This recipe is from Simply Recipes. This is my first attempt at marmalade – mind you, I have never made jam or jelly before. Going into it I knew making marmalade would be a process and during the process I wished I had taken one of Linda’s canning/jam classes to boost my confidence. Nonetheless, here I am winging it on my own, recipe in hand, and pruned fingers (from preparing the lemons). Preparing the fruit took a lot longer than I anticipated. Throughout the whole process I was feeling a little unsure of my skills – and I was hoping I didn’t just waste 2 1/2 pounds of Meyer lemons.

  • 2 1/2 lbs of Meyer lemons (about 9 lemons)
  • 6 cups water
  • 6 cups granulated sugar

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You will need to go through the long process of cutting the lemons in half, then quarter each half. Peel off any of the membrane that is easy to get to, cut off the pith from the middle of the lemon, and remove any seeds setting all this aside to use to make pectin. Once you clean out the membranes, pith and seeds, slice the quarters into thin pieces of lemon (think how big of a piece of fruit you would want to eat). (Note: the portion of lemon segments to water to sugar is 1:1:1 so weigh your lemons)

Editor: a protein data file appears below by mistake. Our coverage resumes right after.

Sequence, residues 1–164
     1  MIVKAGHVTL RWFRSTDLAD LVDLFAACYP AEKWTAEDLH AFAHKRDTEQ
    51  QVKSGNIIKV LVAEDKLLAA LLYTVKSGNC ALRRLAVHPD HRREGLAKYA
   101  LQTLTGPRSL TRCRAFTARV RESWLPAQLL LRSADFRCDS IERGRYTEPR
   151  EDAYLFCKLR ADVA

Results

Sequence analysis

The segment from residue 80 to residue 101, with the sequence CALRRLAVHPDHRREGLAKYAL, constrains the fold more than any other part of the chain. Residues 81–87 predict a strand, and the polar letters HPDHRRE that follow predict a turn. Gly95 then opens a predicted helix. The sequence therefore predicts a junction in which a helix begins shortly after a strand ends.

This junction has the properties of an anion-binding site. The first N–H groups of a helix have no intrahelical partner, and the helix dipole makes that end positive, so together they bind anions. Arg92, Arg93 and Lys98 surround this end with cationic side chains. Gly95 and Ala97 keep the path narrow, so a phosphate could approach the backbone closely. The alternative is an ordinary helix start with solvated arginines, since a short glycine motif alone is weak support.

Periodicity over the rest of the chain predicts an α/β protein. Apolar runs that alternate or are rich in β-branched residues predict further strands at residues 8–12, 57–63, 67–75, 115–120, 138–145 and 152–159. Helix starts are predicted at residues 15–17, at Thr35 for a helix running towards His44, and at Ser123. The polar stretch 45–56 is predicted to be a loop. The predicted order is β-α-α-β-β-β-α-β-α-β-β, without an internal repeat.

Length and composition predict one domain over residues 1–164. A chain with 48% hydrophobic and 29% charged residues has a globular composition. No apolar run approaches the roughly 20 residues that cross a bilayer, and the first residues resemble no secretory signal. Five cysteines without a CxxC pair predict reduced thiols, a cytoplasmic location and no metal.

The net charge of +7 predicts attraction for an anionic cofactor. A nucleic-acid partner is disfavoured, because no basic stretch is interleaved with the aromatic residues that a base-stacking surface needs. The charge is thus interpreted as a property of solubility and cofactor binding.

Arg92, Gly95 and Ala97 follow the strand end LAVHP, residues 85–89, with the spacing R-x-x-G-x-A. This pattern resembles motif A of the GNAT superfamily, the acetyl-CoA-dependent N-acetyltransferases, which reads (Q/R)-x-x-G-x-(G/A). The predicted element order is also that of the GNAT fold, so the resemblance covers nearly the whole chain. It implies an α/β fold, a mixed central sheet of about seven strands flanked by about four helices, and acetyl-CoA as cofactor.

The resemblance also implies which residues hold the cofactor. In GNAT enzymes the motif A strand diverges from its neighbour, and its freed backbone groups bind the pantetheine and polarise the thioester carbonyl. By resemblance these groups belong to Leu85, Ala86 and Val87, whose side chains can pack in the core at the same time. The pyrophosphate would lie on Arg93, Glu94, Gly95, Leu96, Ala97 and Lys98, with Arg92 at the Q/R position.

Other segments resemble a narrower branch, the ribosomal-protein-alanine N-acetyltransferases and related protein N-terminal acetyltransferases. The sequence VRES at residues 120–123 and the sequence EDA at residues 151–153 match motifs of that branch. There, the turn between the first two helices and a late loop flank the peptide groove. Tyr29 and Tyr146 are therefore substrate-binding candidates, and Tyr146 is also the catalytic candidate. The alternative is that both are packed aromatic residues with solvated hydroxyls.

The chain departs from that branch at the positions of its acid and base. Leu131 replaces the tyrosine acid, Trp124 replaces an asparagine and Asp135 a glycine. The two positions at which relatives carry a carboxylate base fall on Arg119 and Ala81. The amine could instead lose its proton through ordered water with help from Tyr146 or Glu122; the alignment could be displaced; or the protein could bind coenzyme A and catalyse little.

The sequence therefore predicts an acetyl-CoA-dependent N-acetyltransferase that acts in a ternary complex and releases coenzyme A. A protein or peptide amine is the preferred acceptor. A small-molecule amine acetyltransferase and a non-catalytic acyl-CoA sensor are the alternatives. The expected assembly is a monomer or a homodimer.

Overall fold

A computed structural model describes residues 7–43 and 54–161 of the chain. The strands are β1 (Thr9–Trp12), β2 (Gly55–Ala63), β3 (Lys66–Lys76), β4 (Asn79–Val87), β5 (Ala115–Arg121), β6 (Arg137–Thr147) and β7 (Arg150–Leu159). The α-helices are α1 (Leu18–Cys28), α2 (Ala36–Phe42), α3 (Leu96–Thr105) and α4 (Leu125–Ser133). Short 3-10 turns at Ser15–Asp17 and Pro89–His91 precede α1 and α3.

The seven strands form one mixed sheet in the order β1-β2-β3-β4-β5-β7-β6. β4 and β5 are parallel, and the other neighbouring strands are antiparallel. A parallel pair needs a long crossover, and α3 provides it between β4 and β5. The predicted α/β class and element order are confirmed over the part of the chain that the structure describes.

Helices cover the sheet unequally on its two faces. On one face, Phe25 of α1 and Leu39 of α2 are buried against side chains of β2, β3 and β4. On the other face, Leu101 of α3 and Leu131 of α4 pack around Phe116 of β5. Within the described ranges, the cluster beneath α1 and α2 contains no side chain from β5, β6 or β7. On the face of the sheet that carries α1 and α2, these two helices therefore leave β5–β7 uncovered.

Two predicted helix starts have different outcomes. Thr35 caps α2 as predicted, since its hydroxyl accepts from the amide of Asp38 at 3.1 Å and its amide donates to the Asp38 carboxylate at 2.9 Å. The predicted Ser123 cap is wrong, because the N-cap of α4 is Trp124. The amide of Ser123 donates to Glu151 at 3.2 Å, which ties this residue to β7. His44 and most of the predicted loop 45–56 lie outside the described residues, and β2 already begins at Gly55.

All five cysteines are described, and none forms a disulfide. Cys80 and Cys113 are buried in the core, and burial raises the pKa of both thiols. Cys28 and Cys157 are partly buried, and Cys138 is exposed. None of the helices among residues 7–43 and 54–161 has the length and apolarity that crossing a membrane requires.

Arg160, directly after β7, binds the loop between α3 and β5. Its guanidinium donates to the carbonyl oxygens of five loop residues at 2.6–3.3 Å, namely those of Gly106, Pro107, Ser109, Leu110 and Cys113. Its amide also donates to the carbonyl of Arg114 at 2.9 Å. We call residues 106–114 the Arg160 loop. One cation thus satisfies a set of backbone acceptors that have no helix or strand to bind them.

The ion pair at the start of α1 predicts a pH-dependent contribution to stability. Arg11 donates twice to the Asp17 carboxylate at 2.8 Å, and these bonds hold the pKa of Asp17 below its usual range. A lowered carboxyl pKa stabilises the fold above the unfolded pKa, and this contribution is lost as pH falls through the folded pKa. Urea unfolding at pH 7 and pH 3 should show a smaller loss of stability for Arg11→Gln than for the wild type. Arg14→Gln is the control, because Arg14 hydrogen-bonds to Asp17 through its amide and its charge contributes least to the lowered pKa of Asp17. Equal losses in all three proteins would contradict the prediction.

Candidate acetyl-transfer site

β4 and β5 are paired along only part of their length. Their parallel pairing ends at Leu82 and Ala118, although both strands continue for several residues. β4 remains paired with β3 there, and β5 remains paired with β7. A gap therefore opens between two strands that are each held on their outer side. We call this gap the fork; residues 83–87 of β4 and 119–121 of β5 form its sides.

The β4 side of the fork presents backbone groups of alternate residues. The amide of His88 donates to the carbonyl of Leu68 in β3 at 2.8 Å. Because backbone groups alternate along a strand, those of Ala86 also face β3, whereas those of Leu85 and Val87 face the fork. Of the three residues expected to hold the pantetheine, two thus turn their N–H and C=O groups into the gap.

FIRST STAGE OF COOKING

Place the seeds, pith, and membranes in a double layer of cheese cloth, tie it up into a bag to become pectin. Place the lemons, water, and pectin bag in a pot.

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This is the first stage of cooking. Bring the water to a boil on medium high heat. Cook the lemons until they are softened. 25-35 minutes. Test one of the lemons make sure they are soft and not the least bit chewy. Any chewiness and you need to cook them a bit longer.

Remove the pot from the heat, and remove the pectin bag to a bowl to cool until it is cool enough to touch. Squeeze the pectin from the bag and add it to the lemon mixture.

SECOND STAGE OF COOKING

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This is is the second and final stage of cooking – add the sugar to the lemon mixture and turn the heat back on to about medium-high and bring the mixture to a rapid boil. This is the stage where you have to be very careful not to have the heat up too high so the fruit doesn’t burn. Also, be careful not to over cook the marmalade otherwise you get a gooey marmalade instead of a jelly one – that is how mine came out – more gooey than I wanted.